Typically they fall out over belief. Mump's irritable skepticism has to be readjusted when Boolawa actually shows up, and like every villain in a Mump and Smoot show, he's impressively huge and ferocious, not just some toy bear. Smoot actually rises to the occasion, which startles both clowns to no end. Yes, it's all good gory fun, calibrated to start small and mount, from the cut on the hand through decapitation and disembowellment, and an apology that is more momentous than either. The chemistry is winningly, and precisely, set forth in this delightful show.

And as usual, we get to join the fray, since part of the fun of any Mump and Smoot show is how quick Kennard and Turner are on their feet, and how playful they are about the whole theatrical illusion. A woman who left to pee will be regretting that last beer today, I should think, since she had to swim through the theatre.


March 2002
Rating: ****

"Horror Clowns triumph over the wilderness"

As a kid, I was totally, wildly terrified of clowns, from their wide grease-paint grins down to the tips of their floppy shoes.

Not that I was alone. Loads of childeren are terrified of clowns, maybe because of a deep, dark subtext that's unexpectedly built into the persona. Something about the form leads to an almost instinctual deconstruction of the darker side of the human condition. (Stephen King's evil demon clown in It or the hedonistic Krusty the Clown on The Simpsons jump immediately to mind).

Another case in point: the work of Michael Kennard and John Turner, the talented clown duo know (and wildly loved by Edmontonians) as Mump & Smoot, the self-proclaimed "clowns of horror" currently playing in their brand-new full-length show called Flux.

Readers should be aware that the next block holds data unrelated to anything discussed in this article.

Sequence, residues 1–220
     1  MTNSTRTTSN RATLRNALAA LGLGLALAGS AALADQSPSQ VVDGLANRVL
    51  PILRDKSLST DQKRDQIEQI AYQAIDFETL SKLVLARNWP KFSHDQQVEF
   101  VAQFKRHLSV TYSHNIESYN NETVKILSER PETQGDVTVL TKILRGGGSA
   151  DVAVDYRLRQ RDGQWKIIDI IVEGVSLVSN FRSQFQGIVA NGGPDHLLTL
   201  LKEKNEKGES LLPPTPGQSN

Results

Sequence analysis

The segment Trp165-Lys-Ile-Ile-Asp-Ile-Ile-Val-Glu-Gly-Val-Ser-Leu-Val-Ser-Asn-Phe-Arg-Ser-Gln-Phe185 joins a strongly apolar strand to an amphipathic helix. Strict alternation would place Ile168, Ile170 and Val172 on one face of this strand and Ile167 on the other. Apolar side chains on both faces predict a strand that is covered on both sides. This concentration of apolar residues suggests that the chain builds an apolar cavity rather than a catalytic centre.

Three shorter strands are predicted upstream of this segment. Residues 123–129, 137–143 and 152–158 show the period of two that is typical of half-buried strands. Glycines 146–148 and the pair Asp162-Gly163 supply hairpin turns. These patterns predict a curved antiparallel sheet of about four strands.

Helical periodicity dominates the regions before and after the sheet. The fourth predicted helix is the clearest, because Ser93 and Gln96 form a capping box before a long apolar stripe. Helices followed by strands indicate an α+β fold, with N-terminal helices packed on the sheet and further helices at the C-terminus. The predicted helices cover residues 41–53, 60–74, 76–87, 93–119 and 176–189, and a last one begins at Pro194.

Embracing the sinister underpinnings of Boxo-dom, the accomplished acting team (a perennial Fringe favourite since the late 80's) in their lastest romp riff off of the über-Canuck past-time of camping, taking a particularly perverse and blood-soaked swipe at what would seem to be a placid hobby.

Leave it up this horned couple to turn the banalities of starting a fire, setting up a tent and fending off mosquitos into hilarious physical/prop comedy fare. (And that's even before the fearsome "boolawa" shows up.)

Needless to say, this no Thoreau-esk Walden Pond sojourn. Almost the exact opposite: despite their desire for peace and quiet, the deeply frantic clown couple just can't stand any kind of stillness, and they sabotage the prospect of a restful forest visit whenever it threatens to emerge from the wilderness. Even Turner's seemingly innocent attempt at taking a philosophical break and contemplating his relative insignificance in the face of a star-rich wilderness night - no mean feat going this deep, given that the duo work almost entirely in gibberish - leads to him having scream-filled panic attack. What a fine theatrical jewel: think Campfire Girls meet Sartre.